Roots is currently being sued by his former business partner Tony Bailey for a cut of the Reggae Reggae profits and whilst he dismissed claims that he stole the recipe from his old friend as a ‘pack of lies’ he reconfirmed in court that he had come up with the sauce himself, and just pretended to have been selling it for 15 years as a ‘marketing ploy’.
Former reggae singer Mr Roots has made millions from Reggae Reggae Sauce, which came to fame when it was featured on the BBC2 show in 2007 with Peter Jones and Richard Farleigh agreeing to invest £50,000 in his company.
When he appeared on the show, he claimed that the sauce was based on a recipe from his grandmother, and said he had been selling it at the Notting Hill Carnival for more than a decade.
Today Roots was giving evidence at the High Court, where he is being sued for more than £600,000 by Mr Bailey, with whom he ran a jerk chicken stall at the carnival for 15 years, and financial adviser Sylvester Williams.
Bailey and Williams are suing the now multi-millionaire for a third share each from the sales of Reggae Reggae sauce.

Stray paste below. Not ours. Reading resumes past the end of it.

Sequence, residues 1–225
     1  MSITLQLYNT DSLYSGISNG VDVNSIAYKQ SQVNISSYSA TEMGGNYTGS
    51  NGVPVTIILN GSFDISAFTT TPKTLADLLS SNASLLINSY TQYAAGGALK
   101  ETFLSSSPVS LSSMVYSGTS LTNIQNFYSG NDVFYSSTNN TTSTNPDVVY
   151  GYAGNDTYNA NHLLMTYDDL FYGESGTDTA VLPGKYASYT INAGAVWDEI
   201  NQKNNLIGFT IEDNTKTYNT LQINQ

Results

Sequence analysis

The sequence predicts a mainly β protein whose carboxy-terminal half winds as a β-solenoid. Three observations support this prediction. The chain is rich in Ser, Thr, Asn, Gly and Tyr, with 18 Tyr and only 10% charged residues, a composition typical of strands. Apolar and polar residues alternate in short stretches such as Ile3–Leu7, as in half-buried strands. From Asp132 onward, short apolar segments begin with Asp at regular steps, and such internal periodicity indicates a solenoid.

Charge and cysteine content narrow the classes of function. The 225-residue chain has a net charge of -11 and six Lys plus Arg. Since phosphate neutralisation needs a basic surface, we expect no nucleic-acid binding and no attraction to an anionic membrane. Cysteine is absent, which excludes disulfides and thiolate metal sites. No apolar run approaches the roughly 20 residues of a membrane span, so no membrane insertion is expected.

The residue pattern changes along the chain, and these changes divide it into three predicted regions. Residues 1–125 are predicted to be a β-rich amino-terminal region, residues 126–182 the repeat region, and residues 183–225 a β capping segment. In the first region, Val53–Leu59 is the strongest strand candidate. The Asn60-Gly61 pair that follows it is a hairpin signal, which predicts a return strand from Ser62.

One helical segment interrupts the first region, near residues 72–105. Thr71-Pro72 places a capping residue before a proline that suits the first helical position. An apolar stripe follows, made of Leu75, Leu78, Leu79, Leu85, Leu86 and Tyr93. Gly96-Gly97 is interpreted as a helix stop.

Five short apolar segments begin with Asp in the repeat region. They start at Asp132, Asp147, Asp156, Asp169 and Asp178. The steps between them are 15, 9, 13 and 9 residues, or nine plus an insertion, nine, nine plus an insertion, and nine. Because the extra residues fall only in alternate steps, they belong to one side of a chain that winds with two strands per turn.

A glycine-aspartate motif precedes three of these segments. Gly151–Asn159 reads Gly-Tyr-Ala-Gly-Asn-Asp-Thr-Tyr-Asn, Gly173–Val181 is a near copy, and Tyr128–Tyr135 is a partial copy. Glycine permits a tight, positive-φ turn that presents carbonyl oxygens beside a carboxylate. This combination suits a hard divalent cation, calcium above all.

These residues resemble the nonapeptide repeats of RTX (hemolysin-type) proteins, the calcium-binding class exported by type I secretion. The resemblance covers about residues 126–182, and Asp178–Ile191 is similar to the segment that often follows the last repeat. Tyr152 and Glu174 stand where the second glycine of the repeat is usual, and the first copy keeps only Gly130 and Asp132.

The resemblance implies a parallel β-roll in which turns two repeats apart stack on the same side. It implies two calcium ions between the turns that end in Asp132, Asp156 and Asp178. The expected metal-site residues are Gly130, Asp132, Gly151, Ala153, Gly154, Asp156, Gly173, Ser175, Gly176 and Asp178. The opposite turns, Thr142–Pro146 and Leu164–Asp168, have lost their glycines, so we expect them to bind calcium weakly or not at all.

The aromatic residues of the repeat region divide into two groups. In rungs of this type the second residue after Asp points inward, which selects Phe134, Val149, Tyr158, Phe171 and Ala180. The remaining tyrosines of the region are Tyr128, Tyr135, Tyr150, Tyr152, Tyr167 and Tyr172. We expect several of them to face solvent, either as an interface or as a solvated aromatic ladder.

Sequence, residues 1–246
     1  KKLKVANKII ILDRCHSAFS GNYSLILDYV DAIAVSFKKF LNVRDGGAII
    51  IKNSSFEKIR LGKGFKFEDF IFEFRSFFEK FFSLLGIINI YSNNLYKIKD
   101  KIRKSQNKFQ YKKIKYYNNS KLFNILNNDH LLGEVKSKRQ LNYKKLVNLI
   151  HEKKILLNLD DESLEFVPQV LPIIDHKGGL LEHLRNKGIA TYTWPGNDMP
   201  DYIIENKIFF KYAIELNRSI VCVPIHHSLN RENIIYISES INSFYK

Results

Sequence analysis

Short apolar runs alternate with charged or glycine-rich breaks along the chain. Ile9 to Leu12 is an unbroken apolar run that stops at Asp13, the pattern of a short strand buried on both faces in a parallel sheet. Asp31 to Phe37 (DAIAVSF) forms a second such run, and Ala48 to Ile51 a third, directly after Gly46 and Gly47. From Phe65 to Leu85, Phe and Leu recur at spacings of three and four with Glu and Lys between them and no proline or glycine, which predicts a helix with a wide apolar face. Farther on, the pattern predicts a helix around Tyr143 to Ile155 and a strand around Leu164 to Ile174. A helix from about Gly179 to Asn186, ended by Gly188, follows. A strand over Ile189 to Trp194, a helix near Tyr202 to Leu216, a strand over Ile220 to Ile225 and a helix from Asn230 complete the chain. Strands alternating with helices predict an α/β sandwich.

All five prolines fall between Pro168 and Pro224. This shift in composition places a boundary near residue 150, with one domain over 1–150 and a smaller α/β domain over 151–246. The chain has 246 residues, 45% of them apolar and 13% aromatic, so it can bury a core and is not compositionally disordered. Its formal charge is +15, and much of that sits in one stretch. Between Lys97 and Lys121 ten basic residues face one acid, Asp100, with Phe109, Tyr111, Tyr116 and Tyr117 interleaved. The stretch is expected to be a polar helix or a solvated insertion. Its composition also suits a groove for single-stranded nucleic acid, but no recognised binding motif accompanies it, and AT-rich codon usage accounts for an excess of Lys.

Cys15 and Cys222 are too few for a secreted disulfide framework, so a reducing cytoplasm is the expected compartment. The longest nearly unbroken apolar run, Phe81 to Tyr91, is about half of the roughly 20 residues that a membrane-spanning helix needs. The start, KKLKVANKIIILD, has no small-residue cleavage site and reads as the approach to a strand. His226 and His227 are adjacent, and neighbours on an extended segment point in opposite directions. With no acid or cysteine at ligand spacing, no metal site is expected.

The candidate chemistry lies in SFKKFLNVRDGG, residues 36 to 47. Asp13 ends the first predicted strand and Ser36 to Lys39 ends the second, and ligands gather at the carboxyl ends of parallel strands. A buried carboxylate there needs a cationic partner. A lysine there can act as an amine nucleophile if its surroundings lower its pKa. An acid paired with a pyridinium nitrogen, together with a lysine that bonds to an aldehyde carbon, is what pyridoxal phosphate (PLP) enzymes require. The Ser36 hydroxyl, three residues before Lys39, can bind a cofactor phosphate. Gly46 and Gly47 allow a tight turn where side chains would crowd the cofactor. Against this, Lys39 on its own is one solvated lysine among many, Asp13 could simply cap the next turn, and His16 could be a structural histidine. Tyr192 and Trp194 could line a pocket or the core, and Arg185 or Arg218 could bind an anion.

However, the former reggae star says he created the sauce from a basic recipe, and was trying to ‘recreate’ the flavour of his grandmother’s original jerk chicken seasoning.
He also claimed that while the sauce wasn’t sold at the Notting Hill Carnival, he and Mr Bailey sold jerk chicken and people came to their stall just to see Levi Roots himself.
Reading from the sauce label, Ian Glen QC, acting for the claimants, said: ‘On the bottle of sauce, it says “Our family in Jamaica have been blending home-made Jerk sauce since way back, and for years it’s been the taste of London’s Notting Hill Carnival.” Is that true?’
Roots replied: ‘No, that’s not true. It’s a marketing ploy. ‘When I was trying to market the sauce, I thought of every conceivable way that I was connected with music and the Notting Hill Carnival.
‘I cooked all that in a bag together and tried my best to make a story about it.’
Glen then asked about the claim that it was his grandmother’s recipe, Roots admitted that this was also untrue.
The case continues